Then we have the duo of Mark and Roger, played, respectively, by Gerardo Tanor and Nino Prabowo. Gerardo Tanor, as the youngest of the main cast, made for a similarly youthful Mark.

There has always been discourse - both in the story itself and out - regarding Mark's role within the cast, as someone allegedly on the outside looking in at this community ravaged by the HIV pandemic. This point of contention is further highlighted in this production, with Mark always looking a bit too well-put together, a bit too clean compared to his grittier group of friends.

Interestingly, Mark's propensity to film the hardships of the homeless without giving actual tangible help is even more relevant nowadays. In the age of social media and content creation, more than a few creators resorted to documenting, or even exploiting, poverty for fame. This phenomena is also quite pronounced in Indonesia, leading to articles dissecting it. Jonathan Larson's script called out this behavior when a homeless woman confronted Mark - although the issue was not fully resolved, even calling out such behavior serves as an important reminder for people in the audience to more critically observe the content we create and consume.

Gerardo Tanor also differentiates his take on Mark by giving the filmmaker a significant touch of theatricality, especially apparent in the flagrant way he moves in numbers like Tango: Maureen and La Vie Boheme. Although certainly interesting and entertaining to watch, this staginess isn't quite so apparent during Mark's other scenes, where he appears more subdued; a more consistent characterization would really solidify Mark's character. Aside from this, Gerardo brought a good energy, especially when playing opposite Roger; the friendship between these conflicted young men was a treat to watch.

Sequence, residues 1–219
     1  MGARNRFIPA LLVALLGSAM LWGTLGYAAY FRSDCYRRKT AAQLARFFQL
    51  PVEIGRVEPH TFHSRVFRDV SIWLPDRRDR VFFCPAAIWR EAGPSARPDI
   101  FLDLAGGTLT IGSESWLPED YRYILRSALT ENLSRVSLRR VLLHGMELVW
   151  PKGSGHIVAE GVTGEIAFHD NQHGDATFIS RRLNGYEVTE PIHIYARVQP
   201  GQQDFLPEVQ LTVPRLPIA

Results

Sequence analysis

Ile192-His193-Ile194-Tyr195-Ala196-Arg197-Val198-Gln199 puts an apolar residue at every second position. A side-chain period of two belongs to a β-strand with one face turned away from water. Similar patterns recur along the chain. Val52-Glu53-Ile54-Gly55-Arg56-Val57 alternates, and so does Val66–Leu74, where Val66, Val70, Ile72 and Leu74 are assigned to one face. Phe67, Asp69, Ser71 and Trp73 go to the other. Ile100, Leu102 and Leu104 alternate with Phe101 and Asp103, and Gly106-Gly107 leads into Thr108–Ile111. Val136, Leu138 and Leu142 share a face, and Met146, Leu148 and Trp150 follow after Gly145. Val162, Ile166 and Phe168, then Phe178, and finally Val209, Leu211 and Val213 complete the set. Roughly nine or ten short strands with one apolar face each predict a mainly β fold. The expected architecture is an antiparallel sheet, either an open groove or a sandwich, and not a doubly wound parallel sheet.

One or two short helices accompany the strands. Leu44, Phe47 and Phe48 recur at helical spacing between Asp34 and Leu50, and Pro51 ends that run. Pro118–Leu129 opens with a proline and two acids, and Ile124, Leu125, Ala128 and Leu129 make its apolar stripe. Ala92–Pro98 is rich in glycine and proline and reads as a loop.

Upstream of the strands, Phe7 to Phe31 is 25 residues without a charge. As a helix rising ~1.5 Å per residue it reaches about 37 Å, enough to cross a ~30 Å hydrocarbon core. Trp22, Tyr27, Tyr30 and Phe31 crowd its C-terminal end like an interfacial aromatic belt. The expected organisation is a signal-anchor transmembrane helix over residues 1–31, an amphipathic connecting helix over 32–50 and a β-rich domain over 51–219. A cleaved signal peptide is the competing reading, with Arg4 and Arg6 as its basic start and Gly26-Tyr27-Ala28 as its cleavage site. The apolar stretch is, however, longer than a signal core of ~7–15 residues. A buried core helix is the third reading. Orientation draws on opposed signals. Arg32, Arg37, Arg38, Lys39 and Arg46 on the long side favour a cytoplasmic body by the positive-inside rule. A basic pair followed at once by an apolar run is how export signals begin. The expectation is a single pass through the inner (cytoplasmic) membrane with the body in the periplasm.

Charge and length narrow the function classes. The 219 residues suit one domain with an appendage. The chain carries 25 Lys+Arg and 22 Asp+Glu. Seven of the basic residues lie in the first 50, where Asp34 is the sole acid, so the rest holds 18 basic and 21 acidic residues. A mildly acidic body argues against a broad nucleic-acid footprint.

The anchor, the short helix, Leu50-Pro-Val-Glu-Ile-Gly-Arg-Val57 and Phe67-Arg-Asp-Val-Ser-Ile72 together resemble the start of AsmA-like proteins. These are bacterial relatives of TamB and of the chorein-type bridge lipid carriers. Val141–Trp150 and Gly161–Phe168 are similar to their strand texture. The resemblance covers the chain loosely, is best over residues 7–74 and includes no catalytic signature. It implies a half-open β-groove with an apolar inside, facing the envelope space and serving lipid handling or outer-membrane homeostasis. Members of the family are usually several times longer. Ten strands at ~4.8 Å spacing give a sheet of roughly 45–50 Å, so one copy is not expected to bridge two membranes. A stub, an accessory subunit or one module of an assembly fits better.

Nino Prabowo as Roger certainly looked the part. With print shirts, ripped jeans, and tied long hair, he carried a certain rugged charm that helped sell the part of an anguished musician looking to write one final song to leave behind.

That's not to imply that his performance was lackluster; indeed, he was very good at embodying the conflicted emotions of Roger. He especially shines playing opposite Mimi, especially at his most vulnerable in songs like Another Day, where the audience cannot help but feel pity for him as he seeks to break free from his guild, despite the lyrics he's singing.

TEMAN's RENT Ignites the Air with Artistic Fire and Communal Warmth